LC6 User Manual – Working in 'Units of Light'

Getting Started   Units of Light   Exposure Screen
Settings Screen   Control Panel   System Information

Printing exposures are traditionally based on time, measured from the moment the lights are switched on to whenever they are switched off. Time-based exposures are easy to measure, but inherently inaccurate because the intensity of all light sources varies over time. For example, some light technologies, e.g. fluorescent lights, take time to warm-up and reach full intensity. Other technologies, e.g. LEDs, are prone to overheating which reduces their intensity.

Light integrators allow photographers to make measurement-based exposures. These are based upon measurements of the actual intensity of light over the entire exposure. Measurement-based exposures are more accurate than time-based exposures, but require specialised equipment.

The Light Counter system uses a state of the art microprocessor, custom-designed digital sensor circuits and advanced software to bring measurement-based exposures within the reach of all photographers. The system was originally designed for platinum/palladium printing but will work for any ultraviolet-based or visible light-based printing process.

Light Counter systems are used by printers globally to maximise control when printing with platinum/palladium, cyanotype, carbon, silver gelatin and other processes.


Measuring Light with ‘Units of Light’

The light integrator measures light intensity in micro-Watts per centimeter squared (µW/cm2), but this is pretty meaningless to most photographers. Calibration allows the light integrator to convert this raw measurement into things called ‘units’. These are much easier to use when printing.

After calibration, one ‘unit’ is about one second of exposure when the lights are at full power. If the lights are a little bit dim, then the light integrator will record less than one unit. If they are a bit bright, then it will record more than one unit. In this way variability in the light source is accounted for, and ceases to be an issue when printing.

The light integrator does the necessary calculations and adjustments automatically, ensuring that your prints get the same exposure regardless of how the light intensity varies during exposure. You can even switch off your lights for a while during an exposure, and the light integrator will sort it out.

If the system has not yet been calibrated, then it will report the raw sensor measurement as units. For example, if the uncalibrated system measures 2,000 µW/cm2 then it will report this as 2,000 units.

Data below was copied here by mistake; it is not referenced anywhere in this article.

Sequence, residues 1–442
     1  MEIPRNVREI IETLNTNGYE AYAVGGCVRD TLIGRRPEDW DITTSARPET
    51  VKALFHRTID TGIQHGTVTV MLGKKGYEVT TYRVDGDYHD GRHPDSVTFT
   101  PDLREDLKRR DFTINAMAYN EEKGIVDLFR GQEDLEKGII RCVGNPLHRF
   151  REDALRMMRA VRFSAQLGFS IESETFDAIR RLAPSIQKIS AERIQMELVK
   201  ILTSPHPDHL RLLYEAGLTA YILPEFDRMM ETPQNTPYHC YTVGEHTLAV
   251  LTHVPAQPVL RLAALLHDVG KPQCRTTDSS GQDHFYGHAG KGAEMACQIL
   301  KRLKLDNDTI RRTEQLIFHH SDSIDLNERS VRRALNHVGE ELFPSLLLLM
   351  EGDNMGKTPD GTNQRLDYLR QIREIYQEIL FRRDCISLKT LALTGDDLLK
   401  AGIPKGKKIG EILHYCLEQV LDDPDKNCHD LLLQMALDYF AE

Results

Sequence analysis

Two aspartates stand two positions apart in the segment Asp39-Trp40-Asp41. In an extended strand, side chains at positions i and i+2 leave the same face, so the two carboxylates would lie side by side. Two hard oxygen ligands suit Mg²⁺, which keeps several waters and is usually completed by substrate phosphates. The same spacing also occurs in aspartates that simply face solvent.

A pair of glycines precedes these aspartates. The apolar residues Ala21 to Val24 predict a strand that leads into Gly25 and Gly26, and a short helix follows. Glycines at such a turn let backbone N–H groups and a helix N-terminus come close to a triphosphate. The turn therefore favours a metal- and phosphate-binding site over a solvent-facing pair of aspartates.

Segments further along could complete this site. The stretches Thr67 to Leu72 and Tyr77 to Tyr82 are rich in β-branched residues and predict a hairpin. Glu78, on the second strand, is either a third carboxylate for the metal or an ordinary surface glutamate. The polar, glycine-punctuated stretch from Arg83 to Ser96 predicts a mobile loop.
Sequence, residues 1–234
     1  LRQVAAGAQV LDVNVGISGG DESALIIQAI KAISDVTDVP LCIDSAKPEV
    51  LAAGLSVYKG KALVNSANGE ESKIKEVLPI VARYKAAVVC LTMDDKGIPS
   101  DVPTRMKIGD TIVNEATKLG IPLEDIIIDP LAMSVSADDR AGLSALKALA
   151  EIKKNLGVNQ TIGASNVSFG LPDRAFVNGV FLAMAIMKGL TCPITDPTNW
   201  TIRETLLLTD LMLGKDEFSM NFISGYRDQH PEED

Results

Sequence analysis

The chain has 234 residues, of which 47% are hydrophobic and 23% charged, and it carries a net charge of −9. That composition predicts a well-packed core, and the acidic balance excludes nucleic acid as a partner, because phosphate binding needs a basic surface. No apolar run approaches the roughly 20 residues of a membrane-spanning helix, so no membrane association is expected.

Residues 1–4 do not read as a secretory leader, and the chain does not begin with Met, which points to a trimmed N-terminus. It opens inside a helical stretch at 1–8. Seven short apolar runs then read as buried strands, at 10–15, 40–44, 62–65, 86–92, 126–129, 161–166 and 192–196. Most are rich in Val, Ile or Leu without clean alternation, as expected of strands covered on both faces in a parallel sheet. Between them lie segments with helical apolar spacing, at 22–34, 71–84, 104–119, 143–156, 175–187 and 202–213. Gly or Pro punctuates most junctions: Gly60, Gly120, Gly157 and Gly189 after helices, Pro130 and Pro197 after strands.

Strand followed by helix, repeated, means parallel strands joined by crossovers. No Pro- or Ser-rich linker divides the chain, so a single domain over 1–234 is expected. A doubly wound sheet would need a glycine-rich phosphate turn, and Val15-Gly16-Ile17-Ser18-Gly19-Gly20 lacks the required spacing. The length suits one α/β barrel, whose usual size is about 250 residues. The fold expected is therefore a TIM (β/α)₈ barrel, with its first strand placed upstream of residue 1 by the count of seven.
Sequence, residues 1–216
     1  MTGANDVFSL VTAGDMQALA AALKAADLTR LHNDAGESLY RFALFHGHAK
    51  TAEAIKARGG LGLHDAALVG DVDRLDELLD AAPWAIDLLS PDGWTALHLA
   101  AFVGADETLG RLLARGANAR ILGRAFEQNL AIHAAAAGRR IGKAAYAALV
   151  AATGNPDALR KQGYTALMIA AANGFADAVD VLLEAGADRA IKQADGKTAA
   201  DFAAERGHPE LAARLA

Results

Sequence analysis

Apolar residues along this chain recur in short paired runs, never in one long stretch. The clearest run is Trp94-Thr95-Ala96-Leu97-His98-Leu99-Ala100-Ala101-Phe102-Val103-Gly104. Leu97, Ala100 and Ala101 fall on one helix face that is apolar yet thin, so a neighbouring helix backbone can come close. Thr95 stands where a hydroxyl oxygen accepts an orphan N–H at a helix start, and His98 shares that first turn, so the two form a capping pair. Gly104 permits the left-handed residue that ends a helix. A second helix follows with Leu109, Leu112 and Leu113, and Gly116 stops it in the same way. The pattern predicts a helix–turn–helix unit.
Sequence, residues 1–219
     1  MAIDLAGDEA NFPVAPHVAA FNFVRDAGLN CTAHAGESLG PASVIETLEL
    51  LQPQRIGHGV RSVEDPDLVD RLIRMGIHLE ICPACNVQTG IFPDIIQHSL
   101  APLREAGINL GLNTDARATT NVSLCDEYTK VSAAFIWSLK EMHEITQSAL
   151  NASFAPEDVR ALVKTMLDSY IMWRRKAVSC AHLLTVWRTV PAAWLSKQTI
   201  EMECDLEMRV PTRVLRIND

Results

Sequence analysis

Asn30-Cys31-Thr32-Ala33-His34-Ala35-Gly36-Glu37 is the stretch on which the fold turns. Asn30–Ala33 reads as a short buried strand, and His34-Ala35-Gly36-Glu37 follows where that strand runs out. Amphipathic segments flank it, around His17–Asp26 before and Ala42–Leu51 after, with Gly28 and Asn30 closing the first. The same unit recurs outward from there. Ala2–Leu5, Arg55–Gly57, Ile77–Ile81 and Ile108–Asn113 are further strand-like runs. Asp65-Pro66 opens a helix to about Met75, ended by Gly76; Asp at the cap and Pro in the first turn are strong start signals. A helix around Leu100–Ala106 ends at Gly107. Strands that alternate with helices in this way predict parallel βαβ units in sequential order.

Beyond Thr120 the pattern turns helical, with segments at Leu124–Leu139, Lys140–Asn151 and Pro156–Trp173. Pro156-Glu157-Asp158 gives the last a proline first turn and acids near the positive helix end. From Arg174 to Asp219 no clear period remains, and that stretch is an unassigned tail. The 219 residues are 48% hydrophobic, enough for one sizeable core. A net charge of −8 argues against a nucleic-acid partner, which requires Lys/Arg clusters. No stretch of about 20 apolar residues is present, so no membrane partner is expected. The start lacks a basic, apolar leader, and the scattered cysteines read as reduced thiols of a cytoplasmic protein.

‘Units’ are calibrated to a specific light source, so they are not comparable between exposure units. A 300 unit exposure under a low intensity light source is not the same as a 300 unit exposure under a high intensity light source. And because ‘units’ are an arbitrary measure, they are not comparable across systems made by different manufacturers.


Sensor Calibration

The calibration process adjusts the LC6 measurements so that 1 'unit' of light is about 1 second of time.

Calibration is beneficial for three reasons:

  1. Calibration allows for variability between sensor chips. This helps if you ever need to replace a sensor
  2. Calibration means we can deal with human-friendly numbers. For example, the raw measurements from my test LED light unit are about 4,400 per second or 264,000 per minute. It's much easier for us to deal with exposures of about 60 per minute
  3. Calibration makes it easy to change from using time-based exposures to units-based exposures. If your old exposures were 5 minutes, then your exposures with a new LC6 will be about 300 units

Calibration data are stored on the sensor. These data are specific to the sensor, its physical position, and the light source it is measuring.

Sensor calibration is managed from the control panel.


But Can I Still Use Timed Exposures?

Of course! The LC6 includes a powerful darkroom timer, accurate to 0.1 seconds. This is especially useful for silver gelatin printing with an enlarger.


Please see the rest of the LC6 User Manual for information about how to use your LC6 system to maximise your control over your printing, or contact Ian Leake for advice.